The organization for Security and Cooperation in Europe (OSCE) and the UN have both declared that Internet access is a human right in the last week, and any attempt to restrict it for control or suppression is a violation of said human right.
Predicting the Consequences of Regulation
While such a declaration of Internet human rights is not a big surprise given the rapid way that the Internet has become a central part of worldwide culture, it still is a highly important decision. Indeed, governing bodies seem to following previous predictions, as Zuckerburg and Hatch talk government control of the internet, who have already argued that the Internet allows for change and innovation and that restriction is a fundamental error.
The Internet as a force for change
In the last year, the true potential of the Internet to organize people and advance social movements has been staggering, with prime examples being North Africa and the Middle East. Protesters and rebels successfully utilized social media to coordinate and facilitate strategy on a level that would have been unheard of previously. Likewise, leaders used the social media services to rally international support and maintain morale throughout the situation.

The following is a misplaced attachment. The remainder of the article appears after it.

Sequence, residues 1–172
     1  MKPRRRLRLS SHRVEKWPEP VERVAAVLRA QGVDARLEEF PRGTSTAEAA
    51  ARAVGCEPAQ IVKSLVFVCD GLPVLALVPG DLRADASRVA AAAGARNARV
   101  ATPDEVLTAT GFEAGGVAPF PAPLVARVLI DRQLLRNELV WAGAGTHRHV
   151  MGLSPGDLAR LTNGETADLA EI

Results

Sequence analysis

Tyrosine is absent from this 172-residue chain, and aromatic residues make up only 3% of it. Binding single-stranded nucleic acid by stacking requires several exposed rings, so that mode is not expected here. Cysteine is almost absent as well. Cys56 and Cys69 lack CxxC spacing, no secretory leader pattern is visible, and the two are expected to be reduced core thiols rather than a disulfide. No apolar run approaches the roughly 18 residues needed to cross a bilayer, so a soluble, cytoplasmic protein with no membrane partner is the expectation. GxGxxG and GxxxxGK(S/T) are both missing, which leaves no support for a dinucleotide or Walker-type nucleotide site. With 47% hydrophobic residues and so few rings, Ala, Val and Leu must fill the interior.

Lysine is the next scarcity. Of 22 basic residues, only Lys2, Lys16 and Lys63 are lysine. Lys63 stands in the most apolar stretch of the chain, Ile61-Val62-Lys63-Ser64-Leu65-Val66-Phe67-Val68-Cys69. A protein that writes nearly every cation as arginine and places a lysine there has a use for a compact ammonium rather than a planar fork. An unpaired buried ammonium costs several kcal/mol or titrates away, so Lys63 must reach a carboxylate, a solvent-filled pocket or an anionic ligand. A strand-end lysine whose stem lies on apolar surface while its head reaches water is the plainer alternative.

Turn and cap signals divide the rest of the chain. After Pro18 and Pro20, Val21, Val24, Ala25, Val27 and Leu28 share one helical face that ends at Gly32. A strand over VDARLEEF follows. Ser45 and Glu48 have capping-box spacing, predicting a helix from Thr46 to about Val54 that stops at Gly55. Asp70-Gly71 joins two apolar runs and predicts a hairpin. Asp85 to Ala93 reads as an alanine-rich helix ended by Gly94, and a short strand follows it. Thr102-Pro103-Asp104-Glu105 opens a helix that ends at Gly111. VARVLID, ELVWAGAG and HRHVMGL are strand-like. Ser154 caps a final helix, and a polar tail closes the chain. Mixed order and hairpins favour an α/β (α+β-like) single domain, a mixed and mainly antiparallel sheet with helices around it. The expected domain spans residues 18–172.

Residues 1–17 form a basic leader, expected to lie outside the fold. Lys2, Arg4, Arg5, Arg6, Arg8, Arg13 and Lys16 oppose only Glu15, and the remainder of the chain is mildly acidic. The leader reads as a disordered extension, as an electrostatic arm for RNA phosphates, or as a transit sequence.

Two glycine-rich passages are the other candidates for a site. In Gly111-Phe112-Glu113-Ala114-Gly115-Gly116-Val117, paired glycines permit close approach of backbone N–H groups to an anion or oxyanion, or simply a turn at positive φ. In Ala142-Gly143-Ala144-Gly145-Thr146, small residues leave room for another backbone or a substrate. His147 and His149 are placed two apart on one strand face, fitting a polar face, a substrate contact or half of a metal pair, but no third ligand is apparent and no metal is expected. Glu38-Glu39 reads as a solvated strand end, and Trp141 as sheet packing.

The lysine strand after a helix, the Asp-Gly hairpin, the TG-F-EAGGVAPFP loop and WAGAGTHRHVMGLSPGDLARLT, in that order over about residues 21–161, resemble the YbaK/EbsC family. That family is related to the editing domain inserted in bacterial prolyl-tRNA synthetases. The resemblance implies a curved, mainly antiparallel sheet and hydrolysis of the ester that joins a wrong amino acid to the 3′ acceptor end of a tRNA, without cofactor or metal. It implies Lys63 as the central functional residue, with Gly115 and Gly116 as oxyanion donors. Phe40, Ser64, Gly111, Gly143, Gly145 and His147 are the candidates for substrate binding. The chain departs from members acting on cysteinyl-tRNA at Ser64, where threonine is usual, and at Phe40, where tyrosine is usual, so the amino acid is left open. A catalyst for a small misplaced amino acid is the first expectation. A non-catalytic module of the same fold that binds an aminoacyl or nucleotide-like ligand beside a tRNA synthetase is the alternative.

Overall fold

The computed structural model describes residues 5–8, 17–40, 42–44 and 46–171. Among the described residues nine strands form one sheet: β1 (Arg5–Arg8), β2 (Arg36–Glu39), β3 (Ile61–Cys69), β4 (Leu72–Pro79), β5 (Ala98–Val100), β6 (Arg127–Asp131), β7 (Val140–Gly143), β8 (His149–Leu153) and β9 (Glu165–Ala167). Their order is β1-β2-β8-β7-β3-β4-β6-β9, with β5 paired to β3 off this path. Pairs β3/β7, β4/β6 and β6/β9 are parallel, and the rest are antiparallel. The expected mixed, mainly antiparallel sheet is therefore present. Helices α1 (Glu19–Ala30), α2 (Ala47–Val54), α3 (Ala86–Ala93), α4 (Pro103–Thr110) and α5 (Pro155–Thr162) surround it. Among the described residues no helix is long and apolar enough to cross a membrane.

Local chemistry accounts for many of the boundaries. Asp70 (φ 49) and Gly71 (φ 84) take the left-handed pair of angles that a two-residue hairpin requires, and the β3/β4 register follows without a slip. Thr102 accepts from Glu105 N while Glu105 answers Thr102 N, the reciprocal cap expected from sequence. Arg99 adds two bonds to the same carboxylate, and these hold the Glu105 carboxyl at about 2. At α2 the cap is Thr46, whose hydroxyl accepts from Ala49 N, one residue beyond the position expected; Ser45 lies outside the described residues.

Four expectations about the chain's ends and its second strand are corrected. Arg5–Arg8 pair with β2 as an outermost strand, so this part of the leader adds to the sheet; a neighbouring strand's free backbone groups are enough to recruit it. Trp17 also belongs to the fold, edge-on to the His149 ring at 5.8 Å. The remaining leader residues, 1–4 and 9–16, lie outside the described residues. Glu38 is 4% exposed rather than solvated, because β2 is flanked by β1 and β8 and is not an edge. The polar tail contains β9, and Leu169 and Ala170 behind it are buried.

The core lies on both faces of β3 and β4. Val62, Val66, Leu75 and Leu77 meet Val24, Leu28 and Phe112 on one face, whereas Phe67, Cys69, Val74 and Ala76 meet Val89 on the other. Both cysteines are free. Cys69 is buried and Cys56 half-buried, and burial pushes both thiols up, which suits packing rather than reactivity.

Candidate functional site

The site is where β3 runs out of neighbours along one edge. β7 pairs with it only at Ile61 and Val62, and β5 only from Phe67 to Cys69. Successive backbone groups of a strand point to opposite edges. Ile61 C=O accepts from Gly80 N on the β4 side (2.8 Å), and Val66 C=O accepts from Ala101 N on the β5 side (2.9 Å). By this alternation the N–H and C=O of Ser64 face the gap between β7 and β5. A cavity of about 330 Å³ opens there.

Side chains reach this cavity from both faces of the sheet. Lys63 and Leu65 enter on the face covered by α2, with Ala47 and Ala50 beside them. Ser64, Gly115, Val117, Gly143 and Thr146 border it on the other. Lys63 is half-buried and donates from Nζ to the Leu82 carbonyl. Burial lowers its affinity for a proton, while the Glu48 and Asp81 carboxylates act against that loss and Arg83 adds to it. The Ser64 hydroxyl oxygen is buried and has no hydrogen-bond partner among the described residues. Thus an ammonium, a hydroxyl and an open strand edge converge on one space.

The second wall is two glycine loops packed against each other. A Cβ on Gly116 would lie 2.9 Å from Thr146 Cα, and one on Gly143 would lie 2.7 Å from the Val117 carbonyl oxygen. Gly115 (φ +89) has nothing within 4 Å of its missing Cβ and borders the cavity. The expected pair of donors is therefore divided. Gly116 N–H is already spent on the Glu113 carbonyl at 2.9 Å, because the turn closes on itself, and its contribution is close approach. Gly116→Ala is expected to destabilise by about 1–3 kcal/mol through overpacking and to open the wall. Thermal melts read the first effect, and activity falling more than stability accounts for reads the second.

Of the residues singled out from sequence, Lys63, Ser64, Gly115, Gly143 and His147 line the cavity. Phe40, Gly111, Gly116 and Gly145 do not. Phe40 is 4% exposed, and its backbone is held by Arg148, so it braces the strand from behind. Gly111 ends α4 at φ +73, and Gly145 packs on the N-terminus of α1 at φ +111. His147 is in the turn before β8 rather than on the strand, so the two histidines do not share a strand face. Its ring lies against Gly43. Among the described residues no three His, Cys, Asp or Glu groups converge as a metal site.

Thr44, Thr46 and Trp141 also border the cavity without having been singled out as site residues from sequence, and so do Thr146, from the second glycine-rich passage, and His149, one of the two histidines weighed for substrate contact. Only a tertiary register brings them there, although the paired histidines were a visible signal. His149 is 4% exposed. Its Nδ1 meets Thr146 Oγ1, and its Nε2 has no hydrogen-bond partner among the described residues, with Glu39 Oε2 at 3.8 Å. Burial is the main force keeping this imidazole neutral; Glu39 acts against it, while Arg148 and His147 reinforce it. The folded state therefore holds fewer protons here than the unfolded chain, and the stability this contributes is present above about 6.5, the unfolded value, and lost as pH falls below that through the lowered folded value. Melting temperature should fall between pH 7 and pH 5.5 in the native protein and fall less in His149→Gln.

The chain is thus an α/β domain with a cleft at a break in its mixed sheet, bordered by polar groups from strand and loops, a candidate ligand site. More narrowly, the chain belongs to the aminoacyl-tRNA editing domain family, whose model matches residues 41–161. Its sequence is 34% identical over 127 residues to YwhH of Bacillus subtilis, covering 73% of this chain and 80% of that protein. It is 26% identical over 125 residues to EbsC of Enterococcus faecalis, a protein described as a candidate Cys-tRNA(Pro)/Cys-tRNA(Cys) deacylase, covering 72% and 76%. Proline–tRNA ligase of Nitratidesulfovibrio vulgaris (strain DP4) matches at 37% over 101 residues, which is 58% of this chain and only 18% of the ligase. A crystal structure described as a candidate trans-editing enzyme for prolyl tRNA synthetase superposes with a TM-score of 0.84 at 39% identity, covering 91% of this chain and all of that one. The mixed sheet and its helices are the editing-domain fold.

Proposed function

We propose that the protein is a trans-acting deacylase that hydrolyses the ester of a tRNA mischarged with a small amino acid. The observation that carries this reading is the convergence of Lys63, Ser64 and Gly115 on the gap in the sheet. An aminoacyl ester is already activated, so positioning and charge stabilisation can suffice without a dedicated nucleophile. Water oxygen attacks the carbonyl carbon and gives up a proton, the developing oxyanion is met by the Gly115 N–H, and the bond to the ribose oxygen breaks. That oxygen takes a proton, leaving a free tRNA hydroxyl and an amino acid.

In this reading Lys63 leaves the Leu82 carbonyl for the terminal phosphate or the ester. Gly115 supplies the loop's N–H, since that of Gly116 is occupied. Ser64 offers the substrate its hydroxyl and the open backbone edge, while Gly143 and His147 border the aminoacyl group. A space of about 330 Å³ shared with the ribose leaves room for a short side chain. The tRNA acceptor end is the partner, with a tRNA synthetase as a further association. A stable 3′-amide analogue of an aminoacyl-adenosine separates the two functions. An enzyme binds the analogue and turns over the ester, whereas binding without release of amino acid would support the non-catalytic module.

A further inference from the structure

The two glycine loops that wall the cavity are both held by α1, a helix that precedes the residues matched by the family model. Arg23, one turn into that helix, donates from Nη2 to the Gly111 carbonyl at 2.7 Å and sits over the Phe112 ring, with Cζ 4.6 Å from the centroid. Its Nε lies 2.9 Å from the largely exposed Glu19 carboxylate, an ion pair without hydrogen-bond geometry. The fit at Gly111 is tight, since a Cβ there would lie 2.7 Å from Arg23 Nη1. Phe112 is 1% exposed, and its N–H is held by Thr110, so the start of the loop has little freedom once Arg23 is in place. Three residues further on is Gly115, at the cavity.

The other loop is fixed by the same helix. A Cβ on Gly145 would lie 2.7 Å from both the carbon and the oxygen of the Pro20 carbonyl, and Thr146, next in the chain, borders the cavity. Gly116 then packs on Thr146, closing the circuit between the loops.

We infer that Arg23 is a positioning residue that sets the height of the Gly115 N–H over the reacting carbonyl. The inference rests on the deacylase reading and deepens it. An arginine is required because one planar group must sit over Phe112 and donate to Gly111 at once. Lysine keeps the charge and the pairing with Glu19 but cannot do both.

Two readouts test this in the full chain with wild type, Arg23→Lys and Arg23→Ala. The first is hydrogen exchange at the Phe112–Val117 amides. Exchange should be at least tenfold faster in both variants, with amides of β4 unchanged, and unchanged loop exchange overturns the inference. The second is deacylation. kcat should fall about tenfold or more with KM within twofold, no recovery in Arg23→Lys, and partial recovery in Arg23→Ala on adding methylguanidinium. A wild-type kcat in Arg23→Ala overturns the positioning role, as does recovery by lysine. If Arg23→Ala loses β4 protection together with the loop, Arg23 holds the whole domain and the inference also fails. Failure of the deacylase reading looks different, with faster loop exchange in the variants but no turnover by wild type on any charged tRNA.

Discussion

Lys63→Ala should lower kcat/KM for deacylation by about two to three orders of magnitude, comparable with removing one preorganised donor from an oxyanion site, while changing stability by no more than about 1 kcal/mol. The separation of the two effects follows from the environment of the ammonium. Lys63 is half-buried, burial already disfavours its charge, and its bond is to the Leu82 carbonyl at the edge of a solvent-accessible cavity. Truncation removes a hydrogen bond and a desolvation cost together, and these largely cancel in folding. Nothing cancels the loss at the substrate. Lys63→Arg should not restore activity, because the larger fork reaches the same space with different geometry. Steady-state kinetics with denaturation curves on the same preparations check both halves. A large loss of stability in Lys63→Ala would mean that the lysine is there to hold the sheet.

Put simply, the Internet has rapidly evolved in the past decade or so from being a supplemental measure for everyday life to being a primary way that the human race interacts and reacts with the world around them. Internet human rights now supplement the trend.
Looking to the Future
The UN and EU supporting Internet human rights will have widespread implications and has the potential to completely change the paradigm currently employed. By criminalizing the restriction of Internet access, the relevant governing bodies are putting power in the hands of the people in ways yet unknown, and are allowing social media to be a major force for change in the world as more people realize the true power of the web.